How many people live in Texas-size Somalia proper is unknown. A government planner gave me an estimate of five million. Around a million and a half were refugees, he guessed, more than three-fourths in camps, the rest scattered in cities and towns.
“We feel they are our people,” he went on, sadness in his voice. “We have a moral obligation to them. We must share whatever meager resources we have.”
All the nation’s resources, and the international community’s medicine, food, and advice, fall short. Somalia bears the most serious refugee situation in the world today.
It’s not always easy to lace up your running shoes and move yourself out of your front door. Tiredness, a lack of time and little niggles can all contribute to making you run less than you might want to. And when your trainers do hit the Tarmac, not every run is going to leave you feeling great. It pays to understand how your mind responds to certain kinds of motivation so that you can use how you think to your advantage.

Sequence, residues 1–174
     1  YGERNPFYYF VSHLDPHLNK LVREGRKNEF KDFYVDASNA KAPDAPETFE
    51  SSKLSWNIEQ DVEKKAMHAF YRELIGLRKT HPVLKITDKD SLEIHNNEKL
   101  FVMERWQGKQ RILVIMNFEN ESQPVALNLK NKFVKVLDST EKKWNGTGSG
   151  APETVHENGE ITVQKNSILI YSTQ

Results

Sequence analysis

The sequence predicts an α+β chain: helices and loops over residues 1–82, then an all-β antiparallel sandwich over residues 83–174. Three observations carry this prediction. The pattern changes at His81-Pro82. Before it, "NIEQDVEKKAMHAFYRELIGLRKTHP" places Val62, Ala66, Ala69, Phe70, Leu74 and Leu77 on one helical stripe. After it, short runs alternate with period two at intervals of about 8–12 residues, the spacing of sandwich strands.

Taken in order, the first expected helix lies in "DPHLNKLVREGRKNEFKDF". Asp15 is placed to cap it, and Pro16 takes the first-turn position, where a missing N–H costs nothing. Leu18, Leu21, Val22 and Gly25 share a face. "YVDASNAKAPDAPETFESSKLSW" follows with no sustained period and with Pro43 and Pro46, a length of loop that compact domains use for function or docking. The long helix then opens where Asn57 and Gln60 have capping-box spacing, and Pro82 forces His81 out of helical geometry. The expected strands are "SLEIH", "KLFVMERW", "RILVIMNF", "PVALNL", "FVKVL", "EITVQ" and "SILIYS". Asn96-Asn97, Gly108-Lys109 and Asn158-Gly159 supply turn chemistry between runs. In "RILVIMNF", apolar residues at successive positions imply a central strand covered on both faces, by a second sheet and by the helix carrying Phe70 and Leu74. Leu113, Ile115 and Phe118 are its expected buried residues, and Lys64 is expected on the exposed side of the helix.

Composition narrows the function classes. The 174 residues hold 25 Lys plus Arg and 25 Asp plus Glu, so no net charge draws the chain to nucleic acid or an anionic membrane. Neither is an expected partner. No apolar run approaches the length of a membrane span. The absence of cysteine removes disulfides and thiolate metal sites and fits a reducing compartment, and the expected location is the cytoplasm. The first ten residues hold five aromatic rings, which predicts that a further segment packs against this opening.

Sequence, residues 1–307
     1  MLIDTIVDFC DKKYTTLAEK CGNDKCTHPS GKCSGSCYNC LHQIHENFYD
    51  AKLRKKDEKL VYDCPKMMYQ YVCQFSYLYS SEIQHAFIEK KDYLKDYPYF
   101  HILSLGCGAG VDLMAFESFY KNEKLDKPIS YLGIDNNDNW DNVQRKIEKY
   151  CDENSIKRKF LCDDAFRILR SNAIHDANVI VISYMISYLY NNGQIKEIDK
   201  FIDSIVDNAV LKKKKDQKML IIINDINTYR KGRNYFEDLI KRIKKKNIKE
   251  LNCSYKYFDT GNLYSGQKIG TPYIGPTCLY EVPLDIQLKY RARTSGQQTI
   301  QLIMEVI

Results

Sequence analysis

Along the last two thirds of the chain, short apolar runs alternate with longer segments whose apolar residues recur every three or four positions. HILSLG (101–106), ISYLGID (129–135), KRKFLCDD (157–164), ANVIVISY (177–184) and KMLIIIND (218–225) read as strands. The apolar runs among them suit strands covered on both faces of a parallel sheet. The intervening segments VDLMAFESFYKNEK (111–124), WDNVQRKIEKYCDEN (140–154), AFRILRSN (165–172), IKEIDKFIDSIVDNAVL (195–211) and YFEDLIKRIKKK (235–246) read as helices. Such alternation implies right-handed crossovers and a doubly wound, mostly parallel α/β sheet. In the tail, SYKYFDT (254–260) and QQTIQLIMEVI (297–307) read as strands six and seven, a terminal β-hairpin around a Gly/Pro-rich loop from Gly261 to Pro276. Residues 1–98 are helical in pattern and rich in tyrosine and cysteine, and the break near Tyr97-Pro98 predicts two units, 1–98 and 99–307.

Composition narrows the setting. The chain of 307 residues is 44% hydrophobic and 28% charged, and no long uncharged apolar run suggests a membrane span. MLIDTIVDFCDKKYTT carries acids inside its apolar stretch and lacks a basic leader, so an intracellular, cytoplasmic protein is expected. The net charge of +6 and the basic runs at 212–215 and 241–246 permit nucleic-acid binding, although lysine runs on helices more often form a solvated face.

The first thing to understand about positive motivation is that it doesn’t operate as a switch that’s either ‘on’ or ‘off, but is part of a changing picture that includes other kinds of motivation. And motivation isn’t just about getting out the door. It influences your running performance. It affects your concentration during running, your emotions and how hard you try, which in turn affects how often you run in the future and how you see the sport itself.
There are three forms of motivation, all of which work in different ways but operate at the same time. This means that there isn’t a ‘magic moment’ when you switch from being demotivated to being motivated you need to work at it constantly.
At one end of the spectrum is a motivation, where you have trouble getting out of bed in the morning. One way to counteract this is to reward yourself for achieving a basic goal, such as going running, with a treat – this is the second type: extrinsic motivation.
“This happens in response to an outside force such as money or important debt consolidation information, credit card issues, loans, fame or being shouted at by your partner,” says Dr Costas Karageorghis, a reader in sports psychology at Brunel University. “Finally, there’s intrinsic motivation, which you get from experiencing running as sheer pleasure,” he adds.